Not everybody wants a dog or a cat as a pet — sometimes only a goat or a pig will do.
Port Coquitlam residents can now apply to keep a farm animal as an emotional support animal and may be allowed to keep their special pet — even in a residential area— if they meet certain conditions.
Calling the move an example of city leadership, Coun. Nancy McCurrach said the special permitting idea was a good one. during Tuesday’s Zoom council meeting.
But not every case will be allowed; the bylaw services manager will have the responsibility to decide if someone can keep a farm animal as an emotional support pet in a residential home.
The range of animals people want to keep seems to be expanding, with condos and cities fielding requests for animals other than a dog or a cat.
One condo law company based in Ontario said people are seeking to keep a whole new range of animals. But not everyone is on board with offbeat pet choices and sometimes problems arise.
Denise Lash of Lash Condo Law notes how a kerfuffle started when a condo owner in Florida became embroiled in a dispute with his condo association about his pet squirrel. “He claimed that the squirrel was an emotional support animal that helped him deal with post-traumatic stress following a car accident,” Lash states in her blog.
Similarly, Port Coquitlam has already been fielding complaints about people keeping goats, pigs and chickens in their home, which prompted the bylaw amendment giving the city more control.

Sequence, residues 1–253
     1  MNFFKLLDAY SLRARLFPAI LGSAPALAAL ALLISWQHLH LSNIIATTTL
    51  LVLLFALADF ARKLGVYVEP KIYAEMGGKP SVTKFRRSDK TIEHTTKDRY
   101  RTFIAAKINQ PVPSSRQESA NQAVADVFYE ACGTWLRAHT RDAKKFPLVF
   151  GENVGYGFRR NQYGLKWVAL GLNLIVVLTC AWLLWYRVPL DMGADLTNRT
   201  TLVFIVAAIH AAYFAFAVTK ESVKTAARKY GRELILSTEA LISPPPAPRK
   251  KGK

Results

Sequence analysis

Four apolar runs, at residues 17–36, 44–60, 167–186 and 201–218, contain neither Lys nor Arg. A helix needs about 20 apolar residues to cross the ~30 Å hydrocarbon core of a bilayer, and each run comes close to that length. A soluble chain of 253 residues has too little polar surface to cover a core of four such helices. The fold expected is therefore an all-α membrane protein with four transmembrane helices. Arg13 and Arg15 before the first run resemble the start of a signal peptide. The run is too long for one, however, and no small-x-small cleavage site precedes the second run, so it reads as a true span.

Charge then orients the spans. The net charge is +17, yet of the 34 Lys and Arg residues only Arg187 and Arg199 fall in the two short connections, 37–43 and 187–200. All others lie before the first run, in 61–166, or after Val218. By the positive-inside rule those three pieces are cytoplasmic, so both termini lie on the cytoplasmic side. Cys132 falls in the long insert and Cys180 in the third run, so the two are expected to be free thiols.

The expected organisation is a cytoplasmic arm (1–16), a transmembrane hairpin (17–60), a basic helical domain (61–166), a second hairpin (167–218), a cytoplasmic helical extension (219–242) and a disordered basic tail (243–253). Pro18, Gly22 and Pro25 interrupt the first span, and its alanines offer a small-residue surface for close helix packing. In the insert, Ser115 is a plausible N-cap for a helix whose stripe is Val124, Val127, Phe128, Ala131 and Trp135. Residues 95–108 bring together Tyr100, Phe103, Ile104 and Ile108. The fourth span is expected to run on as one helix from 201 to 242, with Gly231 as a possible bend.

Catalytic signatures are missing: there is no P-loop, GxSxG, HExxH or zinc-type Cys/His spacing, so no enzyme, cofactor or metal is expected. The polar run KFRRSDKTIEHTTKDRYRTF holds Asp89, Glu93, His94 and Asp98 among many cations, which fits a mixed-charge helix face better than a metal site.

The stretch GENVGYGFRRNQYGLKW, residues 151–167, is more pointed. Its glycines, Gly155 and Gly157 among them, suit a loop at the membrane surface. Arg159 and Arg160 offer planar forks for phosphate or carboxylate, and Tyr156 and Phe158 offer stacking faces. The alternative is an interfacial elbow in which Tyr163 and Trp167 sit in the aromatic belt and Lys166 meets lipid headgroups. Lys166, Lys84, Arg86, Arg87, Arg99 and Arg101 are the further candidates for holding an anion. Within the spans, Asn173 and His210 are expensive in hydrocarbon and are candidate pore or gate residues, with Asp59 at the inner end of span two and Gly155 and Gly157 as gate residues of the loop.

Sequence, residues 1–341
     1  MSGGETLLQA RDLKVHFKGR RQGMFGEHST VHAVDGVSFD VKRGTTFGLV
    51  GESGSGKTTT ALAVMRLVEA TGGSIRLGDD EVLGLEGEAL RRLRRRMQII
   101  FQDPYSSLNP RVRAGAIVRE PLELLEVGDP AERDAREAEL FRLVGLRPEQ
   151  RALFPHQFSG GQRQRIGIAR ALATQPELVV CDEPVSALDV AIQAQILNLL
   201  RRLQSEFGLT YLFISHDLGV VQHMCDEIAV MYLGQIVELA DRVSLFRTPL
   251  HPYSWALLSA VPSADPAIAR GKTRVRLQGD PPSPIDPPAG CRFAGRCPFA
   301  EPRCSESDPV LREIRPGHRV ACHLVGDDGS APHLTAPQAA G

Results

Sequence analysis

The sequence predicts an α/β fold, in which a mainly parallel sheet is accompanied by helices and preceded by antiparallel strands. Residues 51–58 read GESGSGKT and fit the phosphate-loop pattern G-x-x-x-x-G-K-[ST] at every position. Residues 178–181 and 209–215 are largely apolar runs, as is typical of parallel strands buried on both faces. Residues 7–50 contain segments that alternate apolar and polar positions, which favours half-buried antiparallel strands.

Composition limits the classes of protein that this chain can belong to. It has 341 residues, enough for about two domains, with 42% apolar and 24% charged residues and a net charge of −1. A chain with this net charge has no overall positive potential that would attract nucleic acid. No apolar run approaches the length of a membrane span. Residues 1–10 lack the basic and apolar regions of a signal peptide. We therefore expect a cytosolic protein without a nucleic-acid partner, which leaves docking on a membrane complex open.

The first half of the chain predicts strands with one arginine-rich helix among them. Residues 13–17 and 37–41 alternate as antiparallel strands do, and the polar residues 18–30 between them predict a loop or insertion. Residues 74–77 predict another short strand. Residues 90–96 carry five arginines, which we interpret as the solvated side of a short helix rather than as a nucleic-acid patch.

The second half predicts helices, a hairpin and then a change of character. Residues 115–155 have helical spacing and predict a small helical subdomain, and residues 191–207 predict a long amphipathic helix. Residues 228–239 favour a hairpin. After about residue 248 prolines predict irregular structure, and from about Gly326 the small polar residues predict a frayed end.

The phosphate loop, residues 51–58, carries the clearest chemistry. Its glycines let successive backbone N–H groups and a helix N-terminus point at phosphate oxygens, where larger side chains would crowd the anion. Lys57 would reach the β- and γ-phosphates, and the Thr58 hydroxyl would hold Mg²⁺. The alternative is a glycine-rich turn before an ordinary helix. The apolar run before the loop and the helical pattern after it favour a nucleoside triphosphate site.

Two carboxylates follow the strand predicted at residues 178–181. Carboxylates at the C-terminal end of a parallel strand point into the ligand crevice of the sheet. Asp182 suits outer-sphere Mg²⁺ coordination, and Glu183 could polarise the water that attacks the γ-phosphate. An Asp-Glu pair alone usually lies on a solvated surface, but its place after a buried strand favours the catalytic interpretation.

People can now apply, and may be allowed to keep the critter if they can provide a letter from a doctor or a psychiatrist stating they require the farm animal for a disability-related need.
But the approval process now gives the city more clout — it can say no, or, if approval is given, require the owner to maintain the animal in such a way that it doesn’t create problems for other residents, such as keeping down the odour.
Port Coquitlam isn’t alone in permitting farm animals as emotional support pets. Calgary recently allowed citizens to have a Livestock Emotional Support Animal (LESA) on their property, with similar requirements to Port Coquitlam, although Calgary requires a $65 permit and a site visit.
In that city, the property must also be large enough to support the animal.
Most people are familiar with therapy animals that are trained to support people with disabilities and receive special certification. Emotional support animals are, however, a growing trend and offer people another option for dealing with trauma.
As for local interest, Port Coquitlam says it doesn’t anticipate many applicants, there is no permit fee and the most likely animals sought for emotional comfort are pigs, goats or chickens that are being kept as a domestic pet and not a farm use.